As Amsterdam’s Night Mayor, Mirik Milan doesn’t wield official power. He was elected by an internet vote and a panel of Amsterdam business and bar owners to the job, which is funded jointly by the city and business owners.
But the position is a serious one: Milan works with city officials, residents, and businesses to resolve conflicts over things like noise and safety, while championing the benefits of nightlife to the culture and economy. The role of night mayor goes back to the 1970s in the Netherlands, and is catching on globally. Last year, Pittsburgh appointed the less colorfully named “nighttime economy coordinator,” and London Mayor Sadiq Khan is adding “night czar” as a paid staff position.
Milan was an organizer of the Night Mayor Summit, held April 22–23 in Amsterdam, which drew more than 200 attendees. “Everyone showed up early,” Milan said. And the number of press outlets that covered the event — 52 — “was insane.”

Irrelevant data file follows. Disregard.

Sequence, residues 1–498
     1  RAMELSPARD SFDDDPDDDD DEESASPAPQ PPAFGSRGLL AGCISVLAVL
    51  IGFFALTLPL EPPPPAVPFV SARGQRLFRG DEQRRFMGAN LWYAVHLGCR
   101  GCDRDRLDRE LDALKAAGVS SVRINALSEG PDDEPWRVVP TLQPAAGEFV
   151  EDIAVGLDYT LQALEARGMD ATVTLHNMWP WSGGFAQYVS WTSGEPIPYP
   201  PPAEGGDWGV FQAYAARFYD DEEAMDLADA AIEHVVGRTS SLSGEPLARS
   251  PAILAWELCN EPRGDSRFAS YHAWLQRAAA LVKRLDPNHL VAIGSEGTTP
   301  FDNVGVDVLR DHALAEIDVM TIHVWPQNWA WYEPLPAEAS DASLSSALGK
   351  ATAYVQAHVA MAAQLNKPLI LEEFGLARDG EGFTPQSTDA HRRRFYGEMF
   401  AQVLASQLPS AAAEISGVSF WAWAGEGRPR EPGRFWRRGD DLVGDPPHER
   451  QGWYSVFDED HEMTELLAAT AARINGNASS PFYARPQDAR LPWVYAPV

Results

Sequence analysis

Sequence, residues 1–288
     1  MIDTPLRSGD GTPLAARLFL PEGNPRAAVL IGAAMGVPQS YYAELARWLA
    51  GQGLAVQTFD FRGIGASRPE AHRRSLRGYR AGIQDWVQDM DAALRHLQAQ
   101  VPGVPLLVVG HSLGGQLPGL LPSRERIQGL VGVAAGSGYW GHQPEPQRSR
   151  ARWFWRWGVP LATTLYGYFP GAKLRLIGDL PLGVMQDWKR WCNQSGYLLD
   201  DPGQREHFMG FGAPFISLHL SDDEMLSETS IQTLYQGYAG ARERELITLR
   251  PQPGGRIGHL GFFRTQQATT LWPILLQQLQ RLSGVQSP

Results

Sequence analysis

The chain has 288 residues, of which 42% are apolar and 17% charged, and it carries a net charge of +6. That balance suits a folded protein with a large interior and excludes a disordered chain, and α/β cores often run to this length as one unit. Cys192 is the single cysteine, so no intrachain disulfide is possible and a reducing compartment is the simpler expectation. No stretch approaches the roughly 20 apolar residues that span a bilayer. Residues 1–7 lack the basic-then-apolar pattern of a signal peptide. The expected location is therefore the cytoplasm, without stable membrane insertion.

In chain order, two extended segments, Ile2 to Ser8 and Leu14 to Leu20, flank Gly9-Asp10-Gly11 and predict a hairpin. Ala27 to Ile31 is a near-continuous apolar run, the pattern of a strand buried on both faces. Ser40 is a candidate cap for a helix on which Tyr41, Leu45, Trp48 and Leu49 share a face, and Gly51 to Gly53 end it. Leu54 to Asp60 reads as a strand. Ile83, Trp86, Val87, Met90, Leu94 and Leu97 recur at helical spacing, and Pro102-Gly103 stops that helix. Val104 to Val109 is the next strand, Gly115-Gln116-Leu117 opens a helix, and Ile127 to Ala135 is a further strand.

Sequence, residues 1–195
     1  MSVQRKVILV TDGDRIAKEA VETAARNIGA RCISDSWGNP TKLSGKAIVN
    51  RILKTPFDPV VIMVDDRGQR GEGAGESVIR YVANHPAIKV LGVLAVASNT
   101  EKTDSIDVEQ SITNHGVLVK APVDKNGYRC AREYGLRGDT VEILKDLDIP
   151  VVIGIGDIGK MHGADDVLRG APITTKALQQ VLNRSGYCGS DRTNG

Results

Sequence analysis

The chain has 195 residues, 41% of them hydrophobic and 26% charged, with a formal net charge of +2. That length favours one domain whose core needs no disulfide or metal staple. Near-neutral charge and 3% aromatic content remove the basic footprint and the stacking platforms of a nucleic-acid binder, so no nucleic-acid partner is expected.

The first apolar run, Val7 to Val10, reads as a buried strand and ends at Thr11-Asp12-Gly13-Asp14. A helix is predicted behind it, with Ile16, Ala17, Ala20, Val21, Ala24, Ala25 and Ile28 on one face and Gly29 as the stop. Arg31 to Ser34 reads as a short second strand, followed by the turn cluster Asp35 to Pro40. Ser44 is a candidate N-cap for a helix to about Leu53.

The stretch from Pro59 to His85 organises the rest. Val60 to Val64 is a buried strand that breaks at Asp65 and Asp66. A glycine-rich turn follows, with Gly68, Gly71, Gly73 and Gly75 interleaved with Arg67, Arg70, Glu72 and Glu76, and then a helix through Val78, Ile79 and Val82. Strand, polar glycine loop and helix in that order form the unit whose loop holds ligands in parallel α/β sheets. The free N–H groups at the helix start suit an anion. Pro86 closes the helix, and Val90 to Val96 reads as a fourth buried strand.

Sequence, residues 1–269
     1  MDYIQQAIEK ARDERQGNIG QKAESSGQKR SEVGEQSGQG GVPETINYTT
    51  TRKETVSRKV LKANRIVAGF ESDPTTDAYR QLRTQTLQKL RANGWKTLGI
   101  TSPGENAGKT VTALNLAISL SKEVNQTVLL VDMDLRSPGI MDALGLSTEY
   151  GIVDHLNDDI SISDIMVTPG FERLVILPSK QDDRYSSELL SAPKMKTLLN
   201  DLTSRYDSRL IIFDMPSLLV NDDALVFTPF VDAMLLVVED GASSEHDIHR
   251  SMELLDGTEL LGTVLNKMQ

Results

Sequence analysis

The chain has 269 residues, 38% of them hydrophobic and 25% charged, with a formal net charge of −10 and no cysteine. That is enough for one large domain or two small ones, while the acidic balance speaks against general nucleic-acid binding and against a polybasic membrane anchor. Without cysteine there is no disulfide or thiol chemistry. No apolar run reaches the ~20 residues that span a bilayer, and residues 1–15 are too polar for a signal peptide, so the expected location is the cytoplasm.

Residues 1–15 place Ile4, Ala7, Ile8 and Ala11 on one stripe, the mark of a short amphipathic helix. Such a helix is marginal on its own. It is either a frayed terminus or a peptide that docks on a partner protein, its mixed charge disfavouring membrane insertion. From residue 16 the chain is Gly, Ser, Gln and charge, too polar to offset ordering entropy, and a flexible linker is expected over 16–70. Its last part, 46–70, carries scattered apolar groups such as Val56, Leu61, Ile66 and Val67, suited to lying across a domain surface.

The summit was held on the heels of the EU Capital Mayors’ Meeting, also in Amsterdam. And while most of the agenda took place during the day, the event venue was a nightclub. “We didn’t want our convention to be in a conventional venue,” said Ella Overkleeft, project manager for the two-day program. “A night mayor is all about alternatives, [being] nonconventional, experiments, and edginess. Plus, we wanted to set the mood just right for the topics we’d be discussing.”
True to its tagline, “A Serious Playground,” the Night Mayor Summit mixed serious discussion between politicians and nightlife professionals on topics including public health and boosting innovation in city infrastructure with nighttime tours led by locals and visiting night mayors.